Relax UAE foreign ownership rules and boost private sector role, IMF official says
The UAE should relax foreign-ownership restrictions, foster public-private partnerships and concentrate on innovation to attract more investment and cope with low oil prices, a senior IMF official has said.
While the UAE remains the most diversified economy in the region, it has to do more to continue this process, as oil prices are forecast to remain low.
“There are areas in which they [the UAE] could continue to take action,” said Masood Ahmed, the IMF’s Middle East and Central Asia department director.
“Among these, the main ones are efforts to try to improve the public-private partnership framework, relaxing restrictions to foreign ownership and continuing the promotion of innovation, which they are already doing, including through some of the financing tools, easing access to finance for start-ups and SMEs.”
The UAE is targeting foreign direct investment (FDI) to make up 5 per cent of GDP by 2021, according to Sultan Al Mansouri, the Minister of Economy.
FDI in the UAE was last year stable at US$11 billion, despite low oil prices and geopolitical uncertainty in the region, according to the United Nations Conference on Trade and Development.
The UAE is also aiming for innovation to account for at least 5 per cent of GDP by 2021, according to Mr Al Mansouri.
With regard to public-private partnerships, Dubai has introduced a law to foster greater involvement of the private sector in government projects, which were mostly financed from the fiscal budget. The model has been used to build independent power plants in Dubai and Abu Dhabi.
The IMF kept the UAE’s growth forecast at 2.3 per cent last week. Its economy grew by 4 per cent last year. The Abu Dhabi economy is forecast to grow 1.5 per cent this year, down from 4.3 per cent last year; and Dubai is projected to grow 3.3 per cent this year, compared with 3.5 per cent last year, the IMF said.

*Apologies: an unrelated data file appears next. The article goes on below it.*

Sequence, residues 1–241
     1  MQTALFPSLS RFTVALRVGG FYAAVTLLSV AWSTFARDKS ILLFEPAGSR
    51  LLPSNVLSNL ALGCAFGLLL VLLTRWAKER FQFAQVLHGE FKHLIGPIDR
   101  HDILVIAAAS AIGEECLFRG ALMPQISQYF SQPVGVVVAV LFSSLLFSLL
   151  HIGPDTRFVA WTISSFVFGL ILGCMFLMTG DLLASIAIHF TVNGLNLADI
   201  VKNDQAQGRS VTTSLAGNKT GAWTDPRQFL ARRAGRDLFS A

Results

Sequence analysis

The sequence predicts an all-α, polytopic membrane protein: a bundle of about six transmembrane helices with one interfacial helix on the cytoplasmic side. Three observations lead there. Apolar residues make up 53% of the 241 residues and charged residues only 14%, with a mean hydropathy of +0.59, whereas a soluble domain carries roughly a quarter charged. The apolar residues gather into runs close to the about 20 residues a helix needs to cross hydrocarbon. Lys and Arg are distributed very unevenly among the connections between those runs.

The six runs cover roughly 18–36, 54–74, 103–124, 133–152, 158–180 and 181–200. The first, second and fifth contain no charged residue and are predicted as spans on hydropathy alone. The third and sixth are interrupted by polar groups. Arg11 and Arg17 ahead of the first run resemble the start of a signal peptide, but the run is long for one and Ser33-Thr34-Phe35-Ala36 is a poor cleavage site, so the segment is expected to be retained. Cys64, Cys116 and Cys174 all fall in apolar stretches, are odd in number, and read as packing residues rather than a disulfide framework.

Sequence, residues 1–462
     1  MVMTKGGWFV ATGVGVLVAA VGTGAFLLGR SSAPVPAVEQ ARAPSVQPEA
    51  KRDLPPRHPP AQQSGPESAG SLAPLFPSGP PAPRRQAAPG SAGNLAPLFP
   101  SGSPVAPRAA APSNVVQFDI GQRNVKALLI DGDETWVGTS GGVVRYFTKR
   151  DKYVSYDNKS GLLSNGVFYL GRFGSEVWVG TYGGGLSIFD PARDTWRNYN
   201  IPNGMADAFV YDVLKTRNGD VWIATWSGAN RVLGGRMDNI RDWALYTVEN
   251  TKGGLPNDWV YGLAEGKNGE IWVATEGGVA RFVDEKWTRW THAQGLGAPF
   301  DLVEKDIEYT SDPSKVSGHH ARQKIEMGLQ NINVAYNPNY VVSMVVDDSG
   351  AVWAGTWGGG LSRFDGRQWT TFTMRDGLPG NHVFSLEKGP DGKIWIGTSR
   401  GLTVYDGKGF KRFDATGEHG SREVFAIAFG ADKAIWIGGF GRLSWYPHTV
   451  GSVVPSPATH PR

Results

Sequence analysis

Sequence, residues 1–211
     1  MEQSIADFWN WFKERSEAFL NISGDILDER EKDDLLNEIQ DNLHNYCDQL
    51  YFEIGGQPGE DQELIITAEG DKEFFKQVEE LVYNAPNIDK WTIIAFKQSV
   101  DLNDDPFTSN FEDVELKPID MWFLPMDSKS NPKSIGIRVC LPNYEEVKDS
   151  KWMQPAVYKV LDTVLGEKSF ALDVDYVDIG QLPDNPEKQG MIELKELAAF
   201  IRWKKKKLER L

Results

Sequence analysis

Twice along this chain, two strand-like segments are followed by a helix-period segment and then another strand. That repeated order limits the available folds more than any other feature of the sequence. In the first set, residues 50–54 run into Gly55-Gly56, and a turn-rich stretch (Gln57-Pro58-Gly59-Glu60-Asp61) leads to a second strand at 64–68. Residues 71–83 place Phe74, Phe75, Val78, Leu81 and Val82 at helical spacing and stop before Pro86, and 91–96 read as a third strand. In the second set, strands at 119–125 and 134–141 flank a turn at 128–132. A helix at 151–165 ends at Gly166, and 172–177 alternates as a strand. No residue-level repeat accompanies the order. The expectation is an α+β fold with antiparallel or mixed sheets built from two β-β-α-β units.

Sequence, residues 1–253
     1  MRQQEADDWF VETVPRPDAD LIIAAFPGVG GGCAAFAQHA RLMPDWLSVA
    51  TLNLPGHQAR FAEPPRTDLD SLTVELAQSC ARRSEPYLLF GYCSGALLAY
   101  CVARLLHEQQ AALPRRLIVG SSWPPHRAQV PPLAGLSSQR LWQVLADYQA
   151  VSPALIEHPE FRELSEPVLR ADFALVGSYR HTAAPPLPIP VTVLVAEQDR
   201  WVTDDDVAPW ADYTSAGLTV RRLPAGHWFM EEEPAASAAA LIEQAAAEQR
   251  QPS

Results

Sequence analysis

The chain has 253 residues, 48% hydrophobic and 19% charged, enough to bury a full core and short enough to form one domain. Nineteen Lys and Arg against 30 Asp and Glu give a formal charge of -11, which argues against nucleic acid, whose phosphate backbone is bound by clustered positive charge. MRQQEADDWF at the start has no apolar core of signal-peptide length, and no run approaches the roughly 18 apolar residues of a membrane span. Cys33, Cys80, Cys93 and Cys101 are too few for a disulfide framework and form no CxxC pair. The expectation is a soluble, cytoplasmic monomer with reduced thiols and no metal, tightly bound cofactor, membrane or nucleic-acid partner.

The UAE economy continues to be affected by low oil prices, which have recovered since January but are still at slightly more than half the level they were at in 2014.
A new factor that will influence growth in the UAE is Brexit, Mr Ahmed said. “The upward effect of higher oil prices is more or less offset by the lower effect from Brexit.”
The UAE, particularly Dubai, relies on UK investment and tourists to fuel its economy. Britain remained in Dubai’s top three tourist source markets last year, with numbers growing by 11 per cent to about 1.2 million visitors.
The UAE economy’s diversified nature means it will also have to grapple with headwinds from wobbly global economic growth.
“The UAE has become a regional hub in some ways for trade, transport (and) logistics that have served it very well. These are all strengths it can build on,” Mr Ahmed said. “The challenge for the UAE is that it is going to need to continue the process of diversification, and it has to do that in a global environment that has more uncertainty, and where the economic outlook in many parts of the world remain quite modest for years to come.”
Last week, the IMF cut its world economic growth forecast after the UK’s vote to leave the European Union, with better-than-expected performance earlier this year giving way to a more pessimistic outlook.
It now forecasts the world economy to grow by 3.1 per cent and 3.4 per cent, respectively, this year and next, 0.1 percentage points lower than forecasts made in April.
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Published: July 23, 2016 04:00 AM